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How Do You Achieve Readability on the Web?

By Mary Vitcenda, Senior Editor

In the last edition of Word Matters, I discussed readability on the web and why it matters. To recap, readability on Extension’s website is about making online content clear and easy to understand in order to engage our audiences across Minnesota.

Practice Good Writing

So, how do you achieve readability on the web? It starts with using good writing practices to create your content. Those practices include revising your draft, maybe more than once. They also include asking some impartial reviewers to ensure your text is well organized, free of information gaps, and understandable to readers unfamiliar with your topic. Breaking things down further, you can improve readability by doing four key things in your writing:
  • Break your text into short paragraphs, usually 2 to 3 sentences, and rarely more than 5. 
  • Keep your sentences short, preferably no more than 25 words. As a point of reference, the first sentence of this column has 17 words. The second sentence has 24 words.
  • Write in active voice, not passive. For example, write “Cindy hit a home run,” not “A home run was hit by Cindy.” Sentences in the active voice are almost always shorter (as well as more energetic and compelling).
  • Choose short words over long ones with many syllables.
Yes, I know — that last rule is a tough one, especially when reporting research findings or describing program goals. I’ve found eliminating multi-syllable words a significant challenge to improving the readability of my own writing. Even words we must use, like “University,” pile up the syllables.

But problems posed by these “necessary” multi-syllable words at Extension make it even more important to use short words — and eliminate unnecessary phrases — in other instances. For example, write “use” instead of “utilize.” Or “now” instead of “at the present time.” Or “start” instead of “commence.” You get the idea. Remember, simple does not mean dumb, and complex does not mean smart.

As for technical terms, avoid them whenever possible and think of a simpler way to say something. But sometimes it’s important for your audience to know a term, such as “overindulgence,” and using it saves a lot of words overall. In this case, always define the technical term in first reference for readers who don’t know your field like you do. Then you can repeat the technical term as needed through the rest of your text.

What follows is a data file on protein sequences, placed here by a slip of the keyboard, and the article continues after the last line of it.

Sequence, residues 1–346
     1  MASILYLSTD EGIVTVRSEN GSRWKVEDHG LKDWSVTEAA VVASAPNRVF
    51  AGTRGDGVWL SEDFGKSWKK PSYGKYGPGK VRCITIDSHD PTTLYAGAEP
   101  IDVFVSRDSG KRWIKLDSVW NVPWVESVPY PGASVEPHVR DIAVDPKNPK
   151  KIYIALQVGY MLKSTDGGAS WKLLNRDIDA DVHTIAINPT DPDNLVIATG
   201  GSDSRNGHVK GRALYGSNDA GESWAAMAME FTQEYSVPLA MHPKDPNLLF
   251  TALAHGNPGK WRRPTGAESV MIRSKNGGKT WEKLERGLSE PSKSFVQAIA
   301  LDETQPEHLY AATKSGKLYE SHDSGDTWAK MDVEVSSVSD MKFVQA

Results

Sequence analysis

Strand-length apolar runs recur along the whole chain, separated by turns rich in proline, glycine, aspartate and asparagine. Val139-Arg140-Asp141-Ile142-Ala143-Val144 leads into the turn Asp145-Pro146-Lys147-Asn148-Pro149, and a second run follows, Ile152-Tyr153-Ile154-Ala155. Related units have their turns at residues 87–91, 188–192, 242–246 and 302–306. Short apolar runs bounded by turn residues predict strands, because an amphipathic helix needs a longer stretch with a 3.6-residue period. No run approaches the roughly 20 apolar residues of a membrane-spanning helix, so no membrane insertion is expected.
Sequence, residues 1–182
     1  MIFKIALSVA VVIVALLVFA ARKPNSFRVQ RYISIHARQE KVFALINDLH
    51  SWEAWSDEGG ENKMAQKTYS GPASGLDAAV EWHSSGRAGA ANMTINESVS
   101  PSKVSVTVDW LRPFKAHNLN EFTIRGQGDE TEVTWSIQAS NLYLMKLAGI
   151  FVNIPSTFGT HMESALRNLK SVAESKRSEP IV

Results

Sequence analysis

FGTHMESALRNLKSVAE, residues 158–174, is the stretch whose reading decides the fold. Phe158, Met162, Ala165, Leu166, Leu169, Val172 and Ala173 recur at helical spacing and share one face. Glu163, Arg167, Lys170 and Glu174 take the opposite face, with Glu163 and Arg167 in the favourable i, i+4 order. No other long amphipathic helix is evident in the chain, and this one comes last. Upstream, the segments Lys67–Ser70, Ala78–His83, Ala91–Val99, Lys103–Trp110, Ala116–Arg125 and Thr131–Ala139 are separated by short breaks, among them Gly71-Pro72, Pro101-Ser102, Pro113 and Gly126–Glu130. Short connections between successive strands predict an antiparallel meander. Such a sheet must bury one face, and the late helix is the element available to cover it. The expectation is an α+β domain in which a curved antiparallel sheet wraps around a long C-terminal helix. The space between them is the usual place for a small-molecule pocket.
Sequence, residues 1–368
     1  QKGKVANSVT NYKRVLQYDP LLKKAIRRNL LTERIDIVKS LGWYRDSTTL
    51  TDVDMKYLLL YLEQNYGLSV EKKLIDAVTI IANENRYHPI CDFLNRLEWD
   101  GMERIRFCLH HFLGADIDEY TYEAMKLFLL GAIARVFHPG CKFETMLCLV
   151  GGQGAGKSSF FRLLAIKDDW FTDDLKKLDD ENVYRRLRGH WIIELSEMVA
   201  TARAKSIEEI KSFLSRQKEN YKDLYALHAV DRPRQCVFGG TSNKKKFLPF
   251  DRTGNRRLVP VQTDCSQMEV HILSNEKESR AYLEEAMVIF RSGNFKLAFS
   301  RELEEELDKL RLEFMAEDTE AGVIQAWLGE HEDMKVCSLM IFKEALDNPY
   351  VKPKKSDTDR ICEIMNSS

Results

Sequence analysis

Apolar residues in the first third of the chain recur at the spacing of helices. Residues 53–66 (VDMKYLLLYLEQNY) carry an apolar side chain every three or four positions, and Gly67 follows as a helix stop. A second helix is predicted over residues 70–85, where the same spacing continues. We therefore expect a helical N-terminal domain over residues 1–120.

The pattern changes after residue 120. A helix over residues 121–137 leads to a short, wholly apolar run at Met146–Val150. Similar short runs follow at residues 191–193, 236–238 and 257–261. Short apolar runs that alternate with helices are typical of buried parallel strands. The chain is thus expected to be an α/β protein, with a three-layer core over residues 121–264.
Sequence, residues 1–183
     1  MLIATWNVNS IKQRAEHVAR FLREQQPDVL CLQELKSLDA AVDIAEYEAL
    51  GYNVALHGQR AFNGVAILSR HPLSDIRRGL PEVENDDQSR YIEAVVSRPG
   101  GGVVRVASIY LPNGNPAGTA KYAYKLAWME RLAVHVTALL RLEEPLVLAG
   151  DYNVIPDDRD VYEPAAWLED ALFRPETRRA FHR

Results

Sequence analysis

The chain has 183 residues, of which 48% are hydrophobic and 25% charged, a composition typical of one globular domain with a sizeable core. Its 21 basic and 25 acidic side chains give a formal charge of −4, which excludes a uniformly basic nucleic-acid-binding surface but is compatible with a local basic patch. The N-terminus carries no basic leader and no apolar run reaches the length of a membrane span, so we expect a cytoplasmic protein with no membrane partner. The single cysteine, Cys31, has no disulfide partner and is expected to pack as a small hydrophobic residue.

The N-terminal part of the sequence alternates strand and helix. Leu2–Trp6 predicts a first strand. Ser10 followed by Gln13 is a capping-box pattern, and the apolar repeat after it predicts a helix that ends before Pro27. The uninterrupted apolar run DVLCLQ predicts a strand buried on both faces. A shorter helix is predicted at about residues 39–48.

Check Readability with Microsoft Word

Finally, use the tools at your fingertips to improve the readability of your web content, such as Microsoft Word’s “Readability Statistics” tool. This tool provides valuable information about your text, including the number of passive sentences, its reading ease per the Flesch scale, and its grade level per the Flesch-Kincaid scale.

Here's how to do it:
  • Enable the readability statistics tool in MS Word’s “Spelling & Grammar” check. 
  • Run the spelling and grammar check on your Word document. 
  • After going through that check, you'll get a dialogue box indicating that your spelling and grammar check is complete. Click "OK" and another dialogue box with readability statistics will appear.

screenshot of Microsoft Word readability statistics
Meta enough for you?

In general, FD aims for a 6th grade level for participant materials and 8th grade for text aimed at partners. If those sound low to you, remember what I said in the previous column about readers skimming and scanning web pages. They don’t like long sentences or “big” words (without an explanation anyway). And, as Youth Development Web Manager Ann Nordby says, “Even college-educated readers don’t want to read at a college level all the time.”

Just Try

All this said, even after following these tips, you might not hit the 6th and 8th grade marks every time. The point is to just try. Your audiences will thank you for it.

Editor's note: This column was updated on April 19, 2017 to add more detail about using Microsoft Word's Readability Statistics tool.

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